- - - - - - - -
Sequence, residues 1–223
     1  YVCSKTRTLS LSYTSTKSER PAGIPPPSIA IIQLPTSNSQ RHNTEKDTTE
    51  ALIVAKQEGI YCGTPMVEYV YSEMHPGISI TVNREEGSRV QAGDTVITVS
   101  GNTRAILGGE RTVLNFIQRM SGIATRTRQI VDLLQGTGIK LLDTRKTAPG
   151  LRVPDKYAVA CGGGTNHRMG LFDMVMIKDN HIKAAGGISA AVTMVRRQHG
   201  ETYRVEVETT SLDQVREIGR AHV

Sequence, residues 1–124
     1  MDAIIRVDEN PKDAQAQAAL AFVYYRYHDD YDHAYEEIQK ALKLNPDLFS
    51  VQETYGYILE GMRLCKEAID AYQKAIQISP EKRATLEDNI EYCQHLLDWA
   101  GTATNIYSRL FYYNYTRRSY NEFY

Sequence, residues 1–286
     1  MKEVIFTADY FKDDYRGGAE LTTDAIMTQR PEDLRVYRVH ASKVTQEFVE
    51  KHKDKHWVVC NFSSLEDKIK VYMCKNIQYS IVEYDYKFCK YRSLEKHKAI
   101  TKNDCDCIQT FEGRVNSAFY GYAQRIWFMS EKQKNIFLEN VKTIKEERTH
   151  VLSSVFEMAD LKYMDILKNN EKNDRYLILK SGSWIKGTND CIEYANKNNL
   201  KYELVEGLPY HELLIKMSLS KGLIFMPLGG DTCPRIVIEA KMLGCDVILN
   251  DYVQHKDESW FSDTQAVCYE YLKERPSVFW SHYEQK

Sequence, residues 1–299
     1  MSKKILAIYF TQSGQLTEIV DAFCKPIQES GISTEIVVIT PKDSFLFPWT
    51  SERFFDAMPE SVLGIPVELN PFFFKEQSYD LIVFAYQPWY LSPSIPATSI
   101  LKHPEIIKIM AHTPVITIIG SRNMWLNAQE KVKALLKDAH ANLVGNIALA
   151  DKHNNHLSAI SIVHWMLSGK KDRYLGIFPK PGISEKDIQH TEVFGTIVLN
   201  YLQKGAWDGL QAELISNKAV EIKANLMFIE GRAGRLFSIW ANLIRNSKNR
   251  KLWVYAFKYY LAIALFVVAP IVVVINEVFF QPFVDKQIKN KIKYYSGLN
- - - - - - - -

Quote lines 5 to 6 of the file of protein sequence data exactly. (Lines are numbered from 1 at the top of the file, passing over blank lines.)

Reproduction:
   151  LRVPDKYAVA CGGGTNHRMG LFDMVMIKDN HIKAAGGISA AVTMVRRQHG
   201  ETYRVEVETT SLDQVREIGR AHV